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The 2019 Legislative Session

Thursday, August 8, 2019  
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A Summary of What Did and Didn’t Happen

Charles Sawyer, DC
MCA Professional Officer for Legislative Affairs

Charles Sawyer, DC — MCA Professional Officer for Legislative AffairsThe final work-product of our divided 2019 Minnesota Legislature is now a matter of record following the outcome of a special session that ended on May 25. But the process culminated in a much publicized series of closed-door meetings between the Governor, Speaker of the House Mellissa Hortman, and Senate Majority Leader Paul Gazelka. This was a budget-setting session that followed the 2018 election that resulted in a sizable DFL majority in the House, the Senate that remained in GOP control and a new governor whose legislative priorities were clearly articulated during his campaign.

Because increased funding for education and protecting the Health Care Access Fund (combined with future aspirations for expanding MinnesotaCare as a public option) were high priorities for Governor Tim Walz, the scene was set for what came next. The session started rather slowly with bipartisan promises do things differently, but then the complexity of eventually agreeing on a two-year, $48.3 billion, state budget colored by a progressive DFL “wish-list” became predictably apparent.

No Provider Tax Sunset

The 2019 session was not particularly helpful to the chiropractic profession (and other provider groups) largely due to the negotiated agreement between the GOP and DFL leadership – and Governor Tim Walz – to reduce but also extend the provider tax. Despite an alternative funding mechanism proposed by the Minnesota Medical Association through legislation introduced by Senator Jim Abeler (SF 2616), a substantial number of advocates – including the Minnesota Hospital Association – came out strong in support of extending the tax.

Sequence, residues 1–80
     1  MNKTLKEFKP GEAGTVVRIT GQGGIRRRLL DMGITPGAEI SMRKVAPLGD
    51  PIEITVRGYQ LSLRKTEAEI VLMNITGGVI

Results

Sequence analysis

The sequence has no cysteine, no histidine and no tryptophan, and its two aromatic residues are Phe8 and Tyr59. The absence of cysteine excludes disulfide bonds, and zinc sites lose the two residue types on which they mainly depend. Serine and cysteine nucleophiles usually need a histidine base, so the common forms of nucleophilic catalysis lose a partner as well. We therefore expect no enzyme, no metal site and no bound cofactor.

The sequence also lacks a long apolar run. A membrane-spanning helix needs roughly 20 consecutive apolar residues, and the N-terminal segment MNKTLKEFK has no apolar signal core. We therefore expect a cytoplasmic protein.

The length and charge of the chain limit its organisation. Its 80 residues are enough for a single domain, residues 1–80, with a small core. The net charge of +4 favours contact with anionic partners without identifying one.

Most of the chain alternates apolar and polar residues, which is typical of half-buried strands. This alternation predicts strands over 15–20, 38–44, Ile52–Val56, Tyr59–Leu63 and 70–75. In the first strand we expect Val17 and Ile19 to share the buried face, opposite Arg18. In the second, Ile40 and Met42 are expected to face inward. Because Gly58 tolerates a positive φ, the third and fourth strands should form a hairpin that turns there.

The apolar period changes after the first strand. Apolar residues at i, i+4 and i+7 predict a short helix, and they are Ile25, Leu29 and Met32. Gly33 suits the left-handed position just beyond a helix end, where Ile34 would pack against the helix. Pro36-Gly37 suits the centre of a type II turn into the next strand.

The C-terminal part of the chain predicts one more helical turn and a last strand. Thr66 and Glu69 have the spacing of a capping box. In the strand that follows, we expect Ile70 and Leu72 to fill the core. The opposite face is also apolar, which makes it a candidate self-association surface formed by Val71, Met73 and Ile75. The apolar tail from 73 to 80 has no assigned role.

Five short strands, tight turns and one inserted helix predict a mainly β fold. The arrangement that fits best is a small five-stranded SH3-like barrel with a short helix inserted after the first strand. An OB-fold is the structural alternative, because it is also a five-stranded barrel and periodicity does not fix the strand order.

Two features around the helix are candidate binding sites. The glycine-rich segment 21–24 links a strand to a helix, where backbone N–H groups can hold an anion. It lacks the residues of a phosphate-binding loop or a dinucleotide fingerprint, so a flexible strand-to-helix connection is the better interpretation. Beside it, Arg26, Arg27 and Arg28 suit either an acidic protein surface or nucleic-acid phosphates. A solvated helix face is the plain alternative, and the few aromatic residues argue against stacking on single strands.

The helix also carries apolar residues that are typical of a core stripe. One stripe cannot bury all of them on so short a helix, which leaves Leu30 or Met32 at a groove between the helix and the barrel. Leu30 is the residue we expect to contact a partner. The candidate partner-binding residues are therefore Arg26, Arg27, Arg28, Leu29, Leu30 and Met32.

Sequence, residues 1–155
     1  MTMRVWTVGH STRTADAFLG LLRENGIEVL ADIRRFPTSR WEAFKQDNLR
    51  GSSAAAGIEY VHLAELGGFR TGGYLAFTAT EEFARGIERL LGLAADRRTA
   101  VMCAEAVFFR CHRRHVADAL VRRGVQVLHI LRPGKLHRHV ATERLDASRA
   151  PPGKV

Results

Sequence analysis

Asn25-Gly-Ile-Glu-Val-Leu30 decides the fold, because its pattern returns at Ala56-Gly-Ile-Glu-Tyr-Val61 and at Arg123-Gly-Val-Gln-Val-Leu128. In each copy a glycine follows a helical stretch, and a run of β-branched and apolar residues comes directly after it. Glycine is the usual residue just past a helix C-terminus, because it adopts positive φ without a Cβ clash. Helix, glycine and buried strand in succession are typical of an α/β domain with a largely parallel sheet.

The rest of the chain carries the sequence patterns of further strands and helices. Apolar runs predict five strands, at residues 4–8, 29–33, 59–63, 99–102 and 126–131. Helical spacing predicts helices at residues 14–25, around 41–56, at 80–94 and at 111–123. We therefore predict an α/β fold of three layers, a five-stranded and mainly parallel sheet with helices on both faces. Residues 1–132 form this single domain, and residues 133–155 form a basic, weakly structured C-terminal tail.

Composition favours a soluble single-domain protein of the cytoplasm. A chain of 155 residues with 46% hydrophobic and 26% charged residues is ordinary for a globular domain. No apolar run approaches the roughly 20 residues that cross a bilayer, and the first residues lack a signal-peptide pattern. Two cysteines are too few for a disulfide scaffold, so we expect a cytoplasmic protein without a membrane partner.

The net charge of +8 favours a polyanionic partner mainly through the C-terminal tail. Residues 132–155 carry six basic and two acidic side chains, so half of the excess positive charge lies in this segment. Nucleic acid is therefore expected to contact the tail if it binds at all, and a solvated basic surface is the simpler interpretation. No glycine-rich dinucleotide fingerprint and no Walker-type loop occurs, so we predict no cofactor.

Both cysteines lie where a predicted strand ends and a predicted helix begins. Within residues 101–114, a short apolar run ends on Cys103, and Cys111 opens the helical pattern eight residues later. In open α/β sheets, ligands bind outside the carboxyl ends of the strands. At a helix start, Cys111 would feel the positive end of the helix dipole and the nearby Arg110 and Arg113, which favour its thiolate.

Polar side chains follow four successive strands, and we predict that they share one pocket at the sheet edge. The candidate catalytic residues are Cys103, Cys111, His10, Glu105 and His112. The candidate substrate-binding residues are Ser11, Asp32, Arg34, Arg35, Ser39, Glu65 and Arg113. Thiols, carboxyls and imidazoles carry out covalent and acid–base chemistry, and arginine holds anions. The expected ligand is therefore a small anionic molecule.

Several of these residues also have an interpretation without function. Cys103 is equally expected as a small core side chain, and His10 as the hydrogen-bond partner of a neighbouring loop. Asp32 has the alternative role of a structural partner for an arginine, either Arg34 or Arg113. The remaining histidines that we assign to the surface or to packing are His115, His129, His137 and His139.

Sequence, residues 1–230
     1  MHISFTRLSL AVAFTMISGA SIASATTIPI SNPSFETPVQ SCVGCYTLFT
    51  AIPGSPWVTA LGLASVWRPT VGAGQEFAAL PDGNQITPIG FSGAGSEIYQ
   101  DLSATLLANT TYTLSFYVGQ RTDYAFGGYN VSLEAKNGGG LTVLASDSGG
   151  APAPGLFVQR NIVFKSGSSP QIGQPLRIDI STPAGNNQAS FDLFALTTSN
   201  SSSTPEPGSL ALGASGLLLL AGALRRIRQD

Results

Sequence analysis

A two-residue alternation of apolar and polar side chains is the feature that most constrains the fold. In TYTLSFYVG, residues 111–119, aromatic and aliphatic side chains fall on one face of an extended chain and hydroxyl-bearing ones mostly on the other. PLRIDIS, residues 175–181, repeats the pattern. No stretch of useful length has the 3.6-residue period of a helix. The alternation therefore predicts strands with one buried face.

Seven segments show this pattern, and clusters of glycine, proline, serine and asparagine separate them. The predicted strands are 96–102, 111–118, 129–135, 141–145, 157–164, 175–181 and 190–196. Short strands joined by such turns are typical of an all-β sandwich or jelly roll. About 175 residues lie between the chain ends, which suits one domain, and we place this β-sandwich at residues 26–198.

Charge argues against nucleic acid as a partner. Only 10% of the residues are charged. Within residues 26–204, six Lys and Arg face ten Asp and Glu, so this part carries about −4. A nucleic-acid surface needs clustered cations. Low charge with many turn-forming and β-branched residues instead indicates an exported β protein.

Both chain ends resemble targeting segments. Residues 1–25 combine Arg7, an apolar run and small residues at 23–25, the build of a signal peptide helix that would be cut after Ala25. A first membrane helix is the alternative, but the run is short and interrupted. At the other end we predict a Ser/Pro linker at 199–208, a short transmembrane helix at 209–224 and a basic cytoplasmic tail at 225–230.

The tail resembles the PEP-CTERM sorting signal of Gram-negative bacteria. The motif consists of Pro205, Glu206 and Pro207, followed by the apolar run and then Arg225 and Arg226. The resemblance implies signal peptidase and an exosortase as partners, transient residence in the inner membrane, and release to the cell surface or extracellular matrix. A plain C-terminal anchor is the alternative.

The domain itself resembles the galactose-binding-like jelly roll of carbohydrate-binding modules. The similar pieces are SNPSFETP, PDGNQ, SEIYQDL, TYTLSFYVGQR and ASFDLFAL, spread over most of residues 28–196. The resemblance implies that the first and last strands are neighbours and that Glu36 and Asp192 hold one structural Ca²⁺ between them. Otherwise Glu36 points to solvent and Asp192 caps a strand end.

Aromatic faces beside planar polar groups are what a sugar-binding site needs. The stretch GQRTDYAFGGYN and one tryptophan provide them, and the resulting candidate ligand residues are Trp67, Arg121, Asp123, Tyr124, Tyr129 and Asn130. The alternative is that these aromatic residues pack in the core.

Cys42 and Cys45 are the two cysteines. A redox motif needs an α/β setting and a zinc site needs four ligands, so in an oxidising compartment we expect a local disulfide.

In contrast to most medical physicians who work for large health systems, the new rate of 1.8% obviously offers little relief for chiropractic doctors, dentists, acupuncturists and other providers who have small independent practices. However, the disappointing outcome will continue to present an opportunity for the MCA to carry its message forward regarding the inability for many younger DCs to get into health plan networks and restricted reimbursement in the Medical Assistance and MinnesotaCare programs.

Our efforts to eliminate the provider tax and advocate for alternative MinnesotaCare funding were aligned with other provider organizations and a future edition of the MCA newsletter will include a more comprehensive article by Mr. Kevin Goodno on this important topic.

Opioid Legislation

The much publicized “Opiate Epidemic Response” legislation (HF 400) passed at the end of the regular session. And, although the major provisions in the bill deal with capturing funding from substantial increases in annual licensure and registration fees paid by drug manufacturers and distributors, a 19 member “Opiate Epidemic Response Advisory Council” will be formed that includes “… one member representing professionals providing alternative pain management therapies, including, but not limited to, acupuncture, chiropractic, or massage therapy.” A second provision requires at least two-hours of continuing education for physicians and other healthcare professionals on best practices for prescribing opioids and “… nonpharmacological and implantable device alternatives for the treatment of pain …”